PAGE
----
Ferrari complaint about Sebastian Vettel a 'complete joke' says Bernie Ecclestone
If found guilty, world title could have passed to Fernando Alonso
Thursday 29 November 2012
Formula One chief executive Bernie Ecclestone has been left unimpressed by Ferrari's complaints over the outcome of Sunday's final race of the season in Brazil.
The Italian marque wrote a letter to the FIA on Wednesday questioning whether Red Bull's Sebastian Vettel had made an illegal lap-four pass at Interlagos on Jean-Eric Vergne's Toro Rosso where yellow caution lights were being shown.
The sport's governing body yesterday confirmed Vettel does not have a case to answer regarding the disputed manoeuvre, yet the last 24 hours have left a bitter taste in Ecclestone's mouth.
"It's a shame because everything had gone so well," the 82-year-old told the Daily Telegraph.
"It was a super race, a super championship. Now everyone is talking about this. The problem is that no one knows what is going on.
"It's a complete joke. What they [Ferrari] are saying in that letter is wrong. I don't think there needs to be any action taken. It's completely and utterly wrong."
Vettel finished sixth in Brazil, which was enough to see him clinch his third world title as he pipped Ferrari's Fernando Alonso by just three points.
Yet, had the Scuderia's complaint been upheld then the FIA could have applied a retrospective 20-second drive-through penalty to Vettel's time, which would have demoted the German from sixth to eighth on the race classification, and with it losing his third consecutive title by a point to Alonso.
The footage in question shows Vettel passing two points on the circuit where yellow flashing lights are clearly visible - indicating that drivers must not overtake.
However, the grainy footage also seems to suggest that 200 metres into the straight the 25-year-old passes a marshal's post where a green flag was being waved, allowing him to make a move.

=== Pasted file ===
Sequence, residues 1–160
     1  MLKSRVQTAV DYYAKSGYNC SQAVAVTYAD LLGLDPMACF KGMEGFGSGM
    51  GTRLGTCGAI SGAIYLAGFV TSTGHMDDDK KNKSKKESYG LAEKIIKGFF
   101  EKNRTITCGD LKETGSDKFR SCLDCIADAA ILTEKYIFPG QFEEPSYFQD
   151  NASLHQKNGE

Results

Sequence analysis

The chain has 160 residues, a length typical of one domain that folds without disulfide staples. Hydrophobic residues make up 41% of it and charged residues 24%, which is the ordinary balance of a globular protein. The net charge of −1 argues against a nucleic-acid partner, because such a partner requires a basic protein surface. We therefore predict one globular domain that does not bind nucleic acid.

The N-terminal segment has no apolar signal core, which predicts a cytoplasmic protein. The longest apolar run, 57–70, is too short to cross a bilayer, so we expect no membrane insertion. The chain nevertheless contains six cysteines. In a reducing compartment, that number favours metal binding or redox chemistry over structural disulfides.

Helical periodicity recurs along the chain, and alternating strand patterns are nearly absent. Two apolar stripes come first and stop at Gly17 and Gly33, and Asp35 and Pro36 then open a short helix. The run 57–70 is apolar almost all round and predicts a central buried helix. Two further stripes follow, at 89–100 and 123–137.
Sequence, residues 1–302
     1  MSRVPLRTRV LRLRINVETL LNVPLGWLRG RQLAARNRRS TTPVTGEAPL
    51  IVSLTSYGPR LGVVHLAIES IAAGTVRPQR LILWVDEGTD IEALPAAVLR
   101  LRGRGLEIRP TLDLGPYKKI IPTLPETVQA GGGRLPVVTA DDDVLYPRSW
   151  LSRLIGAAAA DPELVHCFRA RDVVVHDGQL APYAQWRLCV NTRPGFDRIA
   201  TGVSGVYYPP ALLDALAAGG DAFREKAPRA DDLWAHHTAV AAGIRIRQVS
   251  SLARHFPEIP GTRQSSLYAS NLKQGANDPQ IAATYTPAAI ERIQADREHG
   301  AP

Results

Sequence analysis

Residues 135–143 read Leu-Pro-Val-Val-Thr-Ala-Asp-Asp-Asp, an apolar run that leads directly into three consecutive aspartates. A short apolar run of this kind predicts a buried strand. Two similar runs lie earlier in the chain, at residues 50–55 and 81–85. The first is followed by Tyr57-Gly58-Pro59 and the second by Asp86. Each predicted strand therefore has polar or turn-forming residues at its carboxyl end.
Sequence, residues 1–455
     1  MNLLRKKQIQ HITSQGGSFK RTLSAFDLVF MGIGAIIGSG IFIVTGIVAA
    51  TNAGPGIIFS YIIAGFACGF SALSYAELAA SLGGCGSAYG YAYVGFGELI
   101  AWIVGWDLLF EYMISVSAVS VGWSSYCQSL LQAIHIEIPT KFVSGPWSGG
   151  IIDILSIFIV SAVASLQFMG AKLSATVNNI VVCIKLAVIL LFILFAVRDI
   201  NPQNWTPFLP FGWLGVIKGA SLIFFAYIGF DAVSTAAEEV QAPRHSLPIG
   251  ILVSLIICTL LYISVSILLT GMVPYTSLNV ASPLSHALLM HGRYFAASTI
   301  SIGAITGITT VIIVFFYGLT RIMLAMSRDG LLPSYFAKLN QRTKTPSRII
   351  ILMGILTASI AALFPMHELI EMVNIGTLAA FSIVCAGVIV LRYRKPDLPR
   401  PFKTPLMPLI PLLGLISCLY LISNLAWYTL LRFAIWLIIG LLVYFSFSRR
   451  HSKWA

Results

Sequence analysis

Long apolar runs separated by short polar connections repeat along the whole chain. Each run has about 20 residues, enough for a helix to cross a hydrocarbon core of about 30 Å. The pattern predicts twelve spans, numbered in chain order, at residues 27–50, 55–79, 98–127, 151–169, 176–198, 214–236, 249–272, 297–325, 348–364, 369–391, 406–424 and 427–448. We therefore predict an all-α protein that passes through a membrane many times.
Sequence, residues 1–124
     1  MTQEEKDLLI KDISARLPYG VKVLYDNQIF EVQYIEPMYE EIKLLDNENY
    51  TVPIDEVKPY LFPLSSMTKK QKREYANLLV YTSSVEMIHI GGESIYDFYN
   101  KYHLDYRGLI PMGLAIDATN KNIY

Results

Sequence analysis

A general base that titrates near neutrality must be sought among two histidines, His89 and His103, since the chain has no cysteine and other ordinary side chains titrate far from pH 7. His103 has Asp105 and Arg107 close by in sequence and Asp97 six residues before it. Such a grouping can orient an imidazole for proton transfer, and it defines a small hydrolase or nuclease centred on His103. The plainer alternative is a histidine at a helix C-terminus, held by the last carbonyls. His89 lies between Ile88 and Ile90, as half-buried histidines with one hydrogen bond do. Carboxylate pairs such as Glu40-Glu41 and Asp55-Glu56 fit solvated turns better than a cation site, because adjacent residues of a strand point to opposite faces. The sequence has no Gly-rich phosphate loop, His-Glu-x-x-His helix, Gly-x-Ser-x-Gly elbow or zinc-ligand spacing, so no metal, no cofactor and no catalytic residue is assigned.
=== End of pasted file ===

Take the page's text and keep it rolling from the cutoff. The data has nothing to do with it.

Ecclestone contends Ferrari's argument is completely flawed and believes nothing will come of it.
"In the rules and regs normally you have to protest. They [Ferrari] missed that time. Then there is the fact that a green flag was shown, which nobody seems to dispute," added Ecclestone.
"Personally I think it's not really like Ferrari to do this. I think they badly wanted to win.
"But nothing will happen. What can they do? Take civil action? Maybe. But the case is flawed before it starts. Nothing is going to happen."
Arsenal vs Chelsea: Mutual contempt burns as rivals Arsene Wenger and Jose Mourinho face off again
Memphis Depay to Manchester United: Striker 'arrives in England' for talks over £25m switch
Wayne Rooney is Premier League's richest footballer with £72million worth but Lewis Hamilton leads the Sunday Times Rich List
What time does Floyd Mayweather vs Manny Pacquiao start?
Floyd Mayweather vs Manny Pacquiao: What time does it start and where can I watch it?
- 1 Top 20 misconceptions people believe are true
- 2 'We're not heroes, just tourists': Swedish police officers on holiday stop vicious assault on New York subway
- 3 Black Mass trailer: Johnny Depp might have started making good films again
- 4 Jacob Lescenski and Anthony Martinez: Straight student asks gay friend to High School prom and makes a million Twitter friends
- 5 Australian student Tommy Connolly, 23, adopts his pregnant, homeless 17-year-old cousin to give her a chance at 'a better life'
The sickening truth about food banks that the Tories don't want you to know
Katie Hopkins on LBC: Listen to caller taking The Sun columnist to task over migrant comments
Migrant boat disaster: Ukip candidate mocks victims in sickening Twitter post
Nigel Farage wants the BBC to stop making programmes like Doctor Who, Strictly Come Dancing, and Top Gear
Global warming: Scientists say temperatures could rise by 6C by 2100 and call for action ahead of UN meeting in Paris
Rupert Murdoch berated Sun journalists for not doing enough to attack Ed Miliband and stop him winning the general election